One of the major concerns that remains unaddressed in the State is mining related displacement and rehabilitation issues. Thousands of families displaced by mining and mineral based industrial projects are very badly compensated and poorly rehabilitated. Particularly, the land issue for the displaced families has not been sorted out by the Government while the availability of land in mining areas grows scanty.
The unfinished survey and settlement work and possibility of distribution of forest land and its utilisation will be more challenging in mineral reserve areas of the State which is primarily affecting the interest of STs and other traditional forest dwellers.
It is already found that the scope of traditional seasonal employment in agriculture, forest related activities, fishing and animal husbandry in mining areas has been drastically reduced due to impact of mining that pollutes water, air and soil of the locality and also due to continued deforestation and loss of grazing land. Illegal mining has been a major cause of deforestation as it violates compensatory afforestation provisions.
No pollution laws and damage control measures are being followed to save the environment of the locality. It has wide impact over food security and living condition of the locals who are otherwise not employed in mines.
Take for example the districts of Sundargarh and Keonjhar having highest number of mining leases for last 70 years where distress migration of local youths is rampant. The quality of life of the people has not been developed; even some of the basic amenities such as drinking water, sanitation, housing and electricity are not available to local people in the mining areas. The Scheduled Tribes and Scheduled Castes and other marginalised mining affected families of the districts are still grappling with underdevelopment.
As a legal provision, the mining royalty collected from the companies must be spent on the development of the people of the State, specifically in the mining affected areas but the fact is that the funds collected under royalty by State and District Mineral Foundation (DMF) at district level largely remain unspent and the DMF funds are being spent by violating the provisions. The funds available at district level for the local affected people are diverted for other purposes.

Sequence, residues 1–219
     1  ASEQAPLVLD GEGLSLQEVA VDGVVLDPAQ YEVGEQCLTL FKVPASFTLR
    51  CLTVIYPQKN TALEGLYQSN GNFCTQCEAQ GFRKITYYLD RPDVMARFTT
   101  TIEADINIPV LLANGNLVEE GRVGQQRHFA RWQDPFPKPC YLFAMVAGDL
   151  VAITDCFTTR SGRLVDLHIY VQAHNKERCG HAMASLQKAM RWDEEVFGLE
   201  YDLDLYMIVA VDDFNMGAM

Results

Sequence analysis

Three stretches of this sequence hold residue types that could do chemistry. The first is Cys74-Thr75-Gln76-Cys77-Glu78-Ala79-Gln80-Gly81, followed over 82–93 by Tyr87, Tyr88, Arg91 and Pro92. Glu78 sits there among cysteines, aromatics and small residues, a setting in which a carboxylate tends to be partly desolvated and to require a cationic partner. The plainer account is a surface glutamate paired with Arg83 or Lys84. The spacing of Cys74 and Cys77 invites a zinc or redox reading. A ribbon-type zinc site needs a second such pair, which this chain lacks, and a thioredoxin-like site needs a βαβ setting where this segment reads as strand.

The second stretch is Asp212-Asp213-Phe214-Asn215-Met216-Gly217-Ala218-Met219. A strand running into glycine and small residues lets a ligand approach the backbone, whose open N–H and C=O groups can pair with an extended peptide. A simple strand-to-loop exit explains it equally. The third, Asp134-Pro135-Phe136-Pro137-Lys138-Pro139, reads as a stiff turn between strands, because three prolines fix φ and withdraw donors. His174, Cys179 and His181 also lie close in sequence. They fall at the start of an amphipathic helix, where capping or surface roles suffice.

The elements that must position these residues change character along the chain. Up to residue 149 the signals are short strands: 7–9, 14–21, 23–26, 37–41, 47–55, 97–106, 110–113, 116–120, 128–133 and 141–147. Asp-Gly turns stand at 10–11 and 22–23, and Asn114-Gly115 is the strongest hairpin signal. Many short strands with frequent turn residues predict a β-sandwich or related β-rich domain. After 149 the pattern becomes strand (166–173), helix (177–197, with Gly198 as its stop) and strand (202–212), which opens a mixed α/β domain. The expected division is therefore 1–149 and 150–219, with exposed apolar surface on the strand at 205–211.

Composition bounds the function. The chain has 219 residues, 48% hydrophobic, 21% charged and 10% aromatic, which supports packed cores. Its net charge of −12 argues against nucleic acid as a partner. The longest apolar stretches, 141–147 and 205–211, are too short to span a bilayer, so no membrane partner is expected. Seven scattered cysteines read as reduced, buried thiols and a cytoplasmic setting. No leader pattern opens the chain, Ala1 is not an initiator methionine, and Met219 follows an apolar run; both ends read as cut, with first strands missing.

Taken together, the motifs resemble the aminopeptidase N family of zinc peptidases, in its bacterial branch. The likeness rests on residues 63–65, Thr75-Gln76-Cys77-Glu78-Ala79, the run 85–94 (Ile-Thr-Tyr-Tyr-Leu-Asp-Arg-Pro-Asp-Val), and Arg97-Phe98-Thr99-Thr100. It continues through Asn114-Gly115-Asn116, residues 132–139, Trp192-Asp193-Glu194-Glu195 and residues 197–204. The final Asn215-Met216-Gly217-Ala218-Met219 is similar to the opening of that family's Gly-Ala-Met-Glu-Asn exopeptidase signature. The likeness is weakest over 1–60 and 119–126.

It is a criminal negligence towards affected people of mining areas by denying them of genuine rights and entitlements. The mining affected people are never consulted by the district administration while deciding over the spending of DMF funds and the basic human priorities of the local people are ignored. The status of access to drinking water, healthcare and primary education system is worst in almost all mining areas. A few months back the distress condition of STs of Nagada village in Sukinda chrome valley of Jajpur district had created lot of public outrage and condemnation against the apathy of the Government.
It is unfortunate that common people living over the resources are starving without basic minimum for life and suffer in hunger and malnutrition. The basic services of the Government under different schemes are not reaching to them and there has been no improvement in their life. The economic policy of the Government supports FDI in mining sector and the Government invites companies with red carpet to invest in the State. So in the coming days the life of the local poor people in mining areas will be more deplorable in the absence of a pro-people centered policy of the Government.